Use Tech to Support Human Interactions for Rockstar CX

Use Tech to Support Human Interactions

Recently, I was representing AMC at a tradeshow showcasing technology for customer interactions. As I made my way around the room to scope out the other vendors (aka the competition) I noticed the same taglines and messaging were replicated repeatedly. “Use X technology for better customer experiences,” “The best customer journeys start with X technology,” or even “ABC Consulting finds the best technology to support your customer service.”

While in my writing this blog post, this scenario is a supporting metaphor, it isn’t stretch to say the amount of technology promising to deliver the most efficient customer experiences for your organization is overwhelming. And if you want to know a bit about how AMC does this in a unique way, stay for the rest of this article, or at least scroll to the bottom. But if you’re looking for tips on how to use tech to support human interactions and humanize your customer experiences, then keep reading. In this article, we’ll discuss how AMC approaches this challenge in a unique way, with some bold points and actionable steps you can take right away.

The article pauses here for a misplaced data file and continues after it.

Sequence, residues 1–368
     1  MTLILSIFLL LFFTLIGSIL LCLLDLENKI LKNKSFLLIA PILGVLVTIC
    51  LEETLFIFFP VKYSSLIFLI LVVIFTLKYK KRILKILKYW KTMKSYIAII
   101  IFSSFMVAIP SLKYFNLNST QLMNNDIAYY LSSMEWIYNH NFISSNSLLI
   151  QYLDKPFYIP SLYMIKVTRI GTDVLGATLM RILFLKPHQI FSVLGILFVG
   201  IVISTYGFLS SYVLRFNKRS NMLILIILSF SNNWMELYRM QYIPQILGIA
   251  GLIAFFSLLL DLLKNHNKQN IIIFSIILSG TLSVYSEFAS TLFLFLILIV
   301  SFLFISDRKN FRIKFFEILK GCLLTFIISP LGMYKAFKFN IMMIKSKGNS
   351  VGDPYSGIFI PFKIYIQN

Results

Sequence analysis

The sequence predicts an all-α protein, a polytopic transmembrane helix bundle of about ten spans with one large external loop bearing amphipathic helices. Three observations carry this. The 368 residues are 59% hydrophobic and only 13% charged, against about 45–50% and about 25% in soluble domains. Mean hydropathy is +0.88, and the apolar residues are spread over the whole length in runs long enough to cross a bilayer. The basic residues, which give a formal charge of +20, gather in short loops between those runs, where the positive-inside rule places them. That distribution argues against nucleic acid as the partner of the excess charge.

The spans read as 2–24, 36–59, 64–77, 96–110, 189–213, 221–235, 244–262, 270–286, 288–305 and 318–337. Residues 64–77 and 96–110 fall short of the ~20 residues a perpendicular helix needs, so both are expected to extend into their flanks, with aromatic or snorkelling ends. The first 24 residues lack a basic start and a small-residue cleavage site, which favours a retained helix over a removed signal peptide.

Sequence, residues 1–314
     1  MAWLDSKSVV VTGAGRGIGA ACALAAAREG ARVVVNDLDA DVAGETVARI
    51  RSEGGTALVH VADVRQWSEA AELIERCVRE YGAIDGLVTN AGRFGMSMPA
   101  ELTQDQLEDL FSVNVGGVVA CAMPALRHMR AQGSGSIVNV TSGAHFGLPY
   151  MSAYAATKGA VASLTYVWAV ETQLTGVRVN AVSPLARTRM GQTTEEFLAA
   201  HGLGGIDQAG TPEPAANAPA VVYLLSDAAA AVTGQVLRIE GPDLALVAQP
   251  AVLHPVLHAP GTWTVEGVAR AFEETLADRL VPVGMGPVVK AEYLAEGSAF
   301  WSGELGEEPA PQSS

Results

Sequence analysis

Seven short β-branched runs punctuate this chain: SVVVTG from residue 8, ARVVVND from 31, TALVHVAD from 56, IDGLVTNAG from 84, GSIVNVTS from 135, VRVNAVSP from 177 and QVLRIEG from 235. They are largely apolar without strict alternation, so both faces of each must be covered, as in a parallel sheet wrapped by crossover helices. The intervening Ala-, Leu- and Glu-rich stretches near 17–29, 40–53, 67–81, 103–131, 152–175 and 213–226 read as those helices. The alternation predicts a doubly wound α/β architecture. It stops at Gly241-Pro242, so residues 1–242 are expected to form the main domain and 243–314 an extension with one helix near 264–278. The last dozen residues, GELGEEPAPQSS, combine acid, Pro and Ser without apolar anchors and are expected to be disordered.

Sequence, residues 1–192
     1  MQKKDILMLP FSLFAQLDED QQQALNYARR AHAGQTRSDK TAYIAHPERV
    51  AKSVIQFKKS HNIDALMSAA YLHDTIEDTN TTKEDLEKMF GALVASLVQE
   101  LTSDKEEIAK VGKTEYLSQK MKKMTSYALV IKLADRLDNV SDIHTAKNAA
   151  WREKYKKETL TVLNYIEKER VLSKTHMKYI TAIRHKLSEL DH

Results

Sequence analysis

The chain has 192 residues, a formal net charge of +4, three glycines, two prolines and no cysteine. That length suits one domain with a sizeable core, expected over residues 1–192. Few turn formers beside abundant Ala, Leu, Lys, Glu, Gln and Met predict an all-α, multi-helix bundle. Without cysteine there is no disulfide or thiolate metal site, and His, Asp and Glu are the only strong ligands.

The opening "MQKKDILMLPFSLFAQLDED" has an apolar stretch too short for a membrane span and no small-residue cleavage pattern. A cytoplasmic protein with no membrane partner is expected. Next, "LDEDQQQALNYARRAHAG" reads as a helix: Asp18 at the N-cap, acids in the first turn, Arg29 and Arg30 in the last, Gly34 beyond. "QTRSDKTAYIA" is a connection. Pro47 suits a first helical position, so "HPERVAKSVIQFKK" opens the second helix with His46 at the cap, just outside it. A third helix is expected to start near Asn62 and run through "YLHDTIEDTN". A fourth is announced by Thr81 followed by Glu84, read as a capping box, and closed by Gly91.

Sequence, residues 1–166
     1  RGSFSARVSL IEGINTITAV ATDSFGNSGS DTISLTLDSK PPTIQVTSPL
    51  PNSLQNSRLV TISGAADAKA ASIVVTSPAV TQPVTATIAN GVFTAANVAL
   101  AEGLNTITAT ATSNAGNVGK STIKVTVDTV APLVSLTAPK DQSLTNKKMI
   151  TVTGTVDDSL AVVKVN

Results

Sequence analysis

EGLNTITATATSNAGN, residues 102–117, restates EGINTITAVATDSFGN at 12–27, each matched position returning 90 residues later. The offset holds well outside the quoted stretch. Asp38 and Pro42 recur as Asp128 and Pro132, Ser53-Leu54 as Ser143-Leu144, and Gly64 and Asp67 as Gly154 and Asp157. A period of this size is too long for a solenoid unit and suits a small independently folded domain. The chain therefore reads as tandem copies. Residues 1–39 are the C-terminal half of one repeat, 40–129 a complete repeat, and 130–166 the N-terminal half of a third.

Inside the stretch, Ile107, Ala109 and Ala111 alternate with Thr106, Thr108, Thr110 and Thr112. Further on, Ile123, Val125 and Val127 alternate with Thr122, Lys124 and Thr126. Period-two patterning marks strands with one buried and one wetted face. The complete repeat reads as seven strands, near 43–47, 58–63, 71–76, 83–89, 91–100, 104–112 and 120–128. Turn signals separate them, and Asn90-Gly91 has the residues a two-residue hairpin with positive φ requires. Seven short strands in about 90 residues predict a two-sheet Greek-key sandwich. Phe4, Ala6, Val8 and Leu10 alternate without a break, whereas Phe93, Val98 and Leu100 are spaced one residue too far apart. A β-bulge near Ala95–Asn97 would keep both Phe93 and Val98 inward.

Why should using tech to support CX human interactions be a priority?

71% of consumers expect companies to deliver personalized interactions—and three quarters will switch if they don’t like their experience. – McKinsey & Company

While leading CX leaders know customer service is more vital than ever, they are often over-reliant on implementing new technology, hoping to see significant improvements in KPIs of their CX efforts, which fail to deliver. The issue? The technology should support customer interactions at the right time and place: a hyper-personalized start to their journey that ends with the customer’s reason for engaging ending in resolution or with concern and support from a human. This technology should never act as a barrier or distraction to getting what they need.